FPA urged Treasury to differentiate between large and small licensees

The Financial Planning Association earlier this year urged the Federal Treasury to redesign the proposed industry funding model and registry search fees for the Australian Securities and Investments Commission (ASIC) to ensure the capture of large bank-owned licensees avoiding the need to levy smaller licensees.

In a submission filed with the Treasury in February and made public in recent weeks, the FPA pointed to the intended funding formula for ASIC’s close and continuous monitoring of large licensees noting that it involved two criteria – at least $1 billion in deposit products or at least 1,000 relevant providers.

In doing so, the FPA said it was concerned that the criteria was set too high and “could be avoided by those entities subject to this extra type of regulatory oversight”.

It then pointed to the wealth management businesses owned by the major banks, AMP and IOOF and the use of multiple licenses.

“As at June 2018, only one licensee met the criteria of 1,000 relevant providers,” it said. “This is partly due to the structure of the industry where it is very common for large institutions to hold multiple AFSLs all reporting to the parent company of the group.”

“Similarly, the alternate criteria of holding a total value of deposits of at least $100,000,000,000, may capture some parent companies but not all,” the submission said. “For example …. while the Commonwealth Bank may have a total of 1,557 advisers, this advice is provided under 5 separate licensees.”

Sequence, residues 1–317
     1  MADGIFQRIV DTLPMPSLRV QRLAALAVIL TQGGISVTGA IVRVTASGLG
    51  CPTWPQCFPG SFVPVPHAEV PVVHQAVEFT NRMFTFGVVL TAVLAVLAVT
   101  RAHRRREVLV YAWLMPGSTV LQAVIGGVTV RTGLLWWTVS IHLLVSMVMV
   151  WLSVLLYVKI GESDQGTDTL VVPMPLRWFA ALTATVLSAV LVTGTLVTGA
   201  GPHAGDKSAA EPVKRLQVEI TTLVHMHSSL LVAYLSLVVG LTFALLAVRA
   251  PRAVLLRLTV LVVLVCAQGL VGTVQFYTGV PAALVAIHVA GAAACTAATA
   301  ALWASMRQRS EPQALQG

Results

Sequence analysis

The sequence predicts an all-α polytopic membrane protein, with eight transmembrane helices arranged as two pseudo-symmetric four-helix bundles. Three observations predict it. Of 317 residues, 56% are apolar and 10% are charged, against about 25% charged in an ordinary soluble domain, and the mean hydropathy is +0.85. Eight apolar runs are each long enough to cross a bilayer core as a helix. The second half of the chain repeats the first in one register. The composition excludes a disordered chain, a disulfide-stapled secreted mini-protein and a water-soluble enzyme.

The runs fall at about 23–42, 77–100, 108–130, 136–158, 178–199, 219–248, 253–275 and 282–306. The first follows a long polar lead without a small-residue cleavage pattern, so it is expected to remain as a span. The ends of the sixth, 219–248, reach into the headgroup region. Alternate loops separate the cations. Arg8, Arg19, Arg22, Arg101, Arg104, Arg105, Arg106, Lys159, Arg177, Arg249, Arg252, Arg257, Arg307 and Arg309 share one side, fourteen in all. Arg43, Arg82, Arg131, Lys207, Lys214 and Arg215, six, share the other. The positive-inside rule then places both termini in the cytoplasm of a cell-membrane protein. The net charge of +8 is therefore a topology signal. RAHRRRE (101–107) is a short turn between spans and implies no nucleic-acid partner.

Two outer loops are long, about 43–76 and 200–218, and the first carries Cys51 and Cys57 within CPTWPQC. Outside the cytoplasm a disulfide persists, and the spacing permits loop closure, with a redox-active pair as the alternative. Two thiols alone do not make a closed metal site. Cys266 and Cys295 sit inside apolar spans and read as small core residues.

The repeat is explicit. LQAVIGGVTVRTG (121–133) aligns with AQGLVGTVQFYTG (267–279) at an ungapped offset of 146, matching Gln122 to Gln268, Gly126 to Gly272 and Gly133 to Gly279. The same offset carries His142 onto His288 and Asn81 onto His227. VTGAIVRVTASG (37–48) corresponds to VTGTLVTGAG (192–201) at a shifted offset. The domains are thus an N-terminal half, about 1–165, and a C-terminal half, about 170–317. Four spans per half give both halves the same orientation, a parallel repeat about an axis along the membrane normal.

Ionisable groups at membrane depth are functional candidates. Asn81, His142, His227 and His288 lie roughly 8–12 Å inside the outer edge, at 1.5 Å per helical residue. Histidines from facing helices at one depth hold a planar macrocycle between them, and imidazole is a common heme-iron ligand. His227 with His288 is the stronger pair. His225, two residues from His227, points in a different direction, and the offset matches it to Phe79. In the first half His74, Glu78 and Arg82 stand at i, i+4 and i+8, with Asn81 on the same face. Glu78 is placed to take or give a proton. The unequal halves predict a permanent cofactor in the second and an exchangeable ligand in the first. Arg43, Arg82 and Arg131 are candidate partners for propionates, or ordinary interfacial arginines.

It said that while the Commonwealth Bank might meet the criteria of holding a total value of deposits of at least $100,000,000,000, the licensees within the Commonwealth Bank group would not.

“There may also be some entities in the future, subject to this new additional ASIC activity that will not meet either criteria. This can be demonstrated by ASIC’s Wealth Management Project which focused on the standard of advice and remediation programs of the largest financial advice firms,” the submission said.

The FPA said it was suggesting that the criteria for the sub-sector for entities subject to “close and continuous monitoring by ASIC” be clear to ensure it captured those subject to such activity without inadvertently applying to entities who are not imposed with the extra regulatory oversight.

“Otherwise there is a risk that any shortfall in cost recovery will fall back on the entire industry, and that small licensees in particular will bear the unintended consequences,” it said.

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Looks like the FPA isn't under the control of the big institutions after all?

The FPA haters may have to channel their frustration and rage elsewhere!

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